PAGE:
US 3948872 A
A polymerization process for preparing homopolymers of conjugated dienes having decreased cis-content resulting from the use of organolithium compounds as initiators wherein 1,2-dialkoxybenzene is introduced in a quantity sufficient to decrease the cis-content of the homopolymers formed.
1. A polymerization process of preparing a homopolymer of a conjugated diene having decreased cis-content, comprising: contacting the conjugated diene having from 4 to 12 carbon atoms per molecule in a polymerization zone with an organolithium compound having the formula RLix wherein R is selected from the group consisting of aliphatic, cycloaliphatic, and aromatic radicals, x is an integer from 1 to 4, inclusive, R has a valence equal to the integer and contains from 1 to 20 carbon atoms, inclusive; and a 1,2-dimethoxybenzene: ##SPC2##
wherein R' is an alkyl radical having in the range of 1 to about 6 carbon atoms, R" is H or R', the total of all carbon atoms in all R" groups being less than 11 per molecule and at least one R" is H", said 1,2-dimethoxybenzene being present in a quantity sufficient to effect a decreased cis-content of the resulting homopolymer.
2. The process according to claim 1 wherein the 1,2-dimethoxybenzene is introduced into the polymerization zone in an amount of from about 0.5 to about 1.5 parts by weight per 100 parts by weight of the conjugated diene.
3. The process according to claim 2 wherein the conjugated diene is contacted with n-butyllithium.
4. The process of claim 3 wherein said conjugated diene is butadiene and the resulting homopolymer is polybutadiene having a cis-content of from about 23 percent to about 29 percent.
This invention relates to a process for polymerizing conjugated dienes. In a more particular aspect, this invention relates to the use of 1,2-alkoxybenzene as a cis-content modifier of homopolymers of conjugated dienes.
Continuing interest in the development of specific catalyst systems which are capable of producing polymers having desired configurations has been shown by the polymerization art. It has been known for a number of years, for example, that n-butyllithium can be used as a catalyst in the polymerization of conjugated dienes. Approximately 80 to 85 percent or more of the polymer formed when butadiene is polymerized in a hydrocarbon solvent in the presence of n-butyllithium is formed by 1,4-addition of the monomer unit. Modification of the aforementioned polymerization process is required in order to decrease the cis-content of the polymers formed thereby. Impact-resistant commercial products flowing from the polymerization industry require polymers having low cis-content.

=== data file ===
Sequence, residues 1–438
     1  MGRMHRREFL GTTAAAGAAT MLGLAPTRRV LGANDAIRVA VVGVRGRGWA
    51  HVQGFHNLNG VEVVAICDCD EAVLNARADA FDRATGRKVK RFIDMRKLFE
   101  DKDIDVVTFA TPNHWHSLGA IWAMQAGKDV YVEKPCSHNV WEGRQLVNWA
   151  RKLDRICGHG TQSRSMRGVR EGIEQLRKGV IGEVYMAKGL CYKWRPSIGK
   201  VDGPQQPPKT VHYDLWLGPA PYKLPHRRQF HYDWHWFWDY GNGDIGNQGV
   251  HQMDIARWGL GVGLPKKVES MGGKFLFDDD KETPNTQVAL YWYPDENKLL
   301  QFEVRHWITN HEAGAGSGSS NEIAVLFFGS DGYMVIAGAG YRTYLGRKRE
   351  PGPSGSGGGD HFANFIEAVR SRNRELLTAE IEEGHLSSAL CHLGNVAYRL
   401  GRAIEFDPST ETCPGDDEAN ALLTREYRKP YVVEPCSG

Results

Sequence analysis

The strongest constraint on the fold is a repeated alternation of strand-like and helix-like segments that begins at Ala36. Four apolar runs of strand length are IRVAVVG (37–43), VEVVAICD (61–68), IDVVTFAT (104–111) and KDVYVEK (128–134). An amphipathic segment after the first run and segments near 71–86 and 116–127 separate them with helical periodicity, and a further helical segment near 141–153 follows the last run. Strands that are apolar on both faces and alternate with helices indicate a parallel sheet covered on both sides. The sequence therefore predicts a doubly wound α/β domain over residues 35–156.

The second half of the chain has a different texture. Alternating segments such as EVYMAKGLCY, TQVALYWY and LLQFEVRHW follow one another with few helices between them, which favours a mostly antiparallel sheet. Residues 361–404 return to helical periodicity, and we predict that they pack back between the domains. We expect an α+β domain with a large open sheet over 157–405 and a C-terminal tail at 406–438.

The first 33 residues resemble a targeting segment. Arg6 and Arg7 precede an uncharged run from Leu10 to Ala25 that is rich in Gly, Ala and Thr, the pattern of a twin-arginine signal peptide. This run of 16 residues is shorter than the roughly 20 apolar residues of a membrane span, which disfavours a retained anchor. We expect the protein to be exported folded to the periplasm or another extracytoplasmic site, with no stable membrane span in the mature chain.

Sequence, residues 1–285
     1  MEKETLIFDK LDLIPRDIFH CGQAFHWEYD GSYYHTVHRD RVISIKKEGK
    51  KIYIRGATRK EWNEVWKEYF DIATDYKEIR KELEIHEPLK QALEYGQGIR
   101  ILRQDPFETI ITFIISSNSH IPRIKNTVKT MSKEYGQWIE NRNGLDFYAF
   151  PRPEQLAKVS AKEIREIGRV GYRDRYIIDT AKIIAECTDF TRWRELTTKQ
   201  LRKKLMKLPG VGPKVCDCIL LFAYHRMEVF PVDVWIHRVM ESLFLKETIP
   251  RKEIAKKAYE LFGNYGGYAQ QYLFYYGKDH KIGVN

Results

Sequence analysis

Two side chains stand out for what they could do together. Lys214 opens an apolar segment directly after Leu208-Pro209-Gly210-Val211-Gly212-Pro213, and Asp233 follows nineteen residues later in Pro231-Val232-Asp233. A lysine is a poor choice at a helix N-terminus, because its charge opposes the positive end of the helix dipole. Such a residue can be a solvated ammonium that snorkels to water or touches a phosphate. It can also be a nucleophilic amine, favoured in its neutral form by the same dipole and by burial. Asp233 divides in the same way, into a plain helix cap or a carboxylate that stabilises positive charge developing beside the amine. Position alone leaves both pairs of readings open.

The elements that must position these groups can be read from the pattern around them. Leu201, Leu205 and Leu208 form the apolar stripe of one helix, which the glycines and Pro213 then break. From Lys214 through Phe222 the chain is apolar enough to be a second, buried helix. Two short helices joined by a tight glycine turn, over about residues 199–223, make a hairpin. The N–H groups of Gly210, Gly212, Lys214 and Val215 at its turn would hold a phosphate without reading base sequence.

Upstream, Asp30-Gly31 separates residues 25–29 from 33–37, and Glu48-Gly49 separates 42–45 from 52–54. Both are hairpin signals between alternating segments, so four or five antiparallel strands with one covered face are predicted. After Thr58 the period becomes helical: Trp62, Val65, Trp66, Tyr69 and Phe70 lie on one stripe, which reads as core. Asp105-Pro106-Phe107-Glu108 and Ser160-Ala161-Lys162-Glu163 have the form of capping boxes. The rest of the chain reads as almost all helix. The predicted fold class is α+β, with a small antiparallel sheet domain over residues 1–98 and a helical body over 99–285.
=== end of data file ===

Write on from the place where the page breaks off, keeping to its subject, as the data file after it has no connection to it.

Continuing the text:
It is an object of this invention to provide a polymerization process for preparing homopolymers of conjugated dienes having decreased cis-content. Another object of this invention is to provide a modified polymerization process for producing polymers useful in the production of impact-resistant polymers. Other aspects and objects of this invention will hereinafter appear in the examples and claims included hereinbelow.
The instant invention resides in the discovery of a process whereby conjugated dienes can be polymerized with resulting polymers having decreased cis-content. The aforementioned process comprises contacting conjugated dienes having from 4 to 12 carbon atoms per molecule with an organolithium compound in the presence of at least one solvent selected from the group consisting of aromatic, paraffinic and cycloparaffinic hydrocarbons, and a 1,2-dialkoxybenzene modifier. The 1,2-dialkoxybenzene is present in the polymerization zone in a quantity sufficient to decrease the cis-content of the homopolymers formed therein. In the absence of the 1,2-dialkoxybenzene and other modifiers, substantially no decrease in the homopolymer cis-content would occur. Polymerization products prepared in the presence of the 1,2-dialkoxybenzene can also be terminated with multifunctional coupling reagents to provide polymers of increased molecular weight which can also have long chain branching. The organolithium compounds employed as initiators in the process of this invention are represented by the formula RLix wherein R is selected from the group consisting of aliphatic, cycloaliphatic aromatic radicals and x is an integer from 1 to 4, inclusive; R has a valence equal to the integer and contains from 1 to 20 carbon atoms, inclusive.
The 1,2-dialkoxybenzenes which can be employed in the process of this invention are represented by the following formula: ##SPC1##
Wherein R' is an alkyl radical having in the range of 1 to about 6 carbon atoms, and R" is H or R', the total of all carbon atoms in all R" groups being less than 11 per molecule and at least one R" is H.
Among the 1,2-dialkoxybenzenes which can be employed in the method of this invention are 1,2-dimethoxybenzene, 1,2-diethoxybenzene, 1,2-dihexoxy-benzene, 3,4-di-n-pentyl-1,2-dimethoxybenzene, and 3,4,5-triethyl-1,2-dimethoxybenzene.
The 1,2-dialkoxybenzene can be introduced into the polymerization zone in any manner. In one embodiment, it can be reacted with the organolithium and the reaction mixture is introduced into the polymerization zone as the initiator. In another embodiment, the 1,2-dialkoxybenzene is introduced in the polymerization zone into which the organolithium has been introduced as an initiator.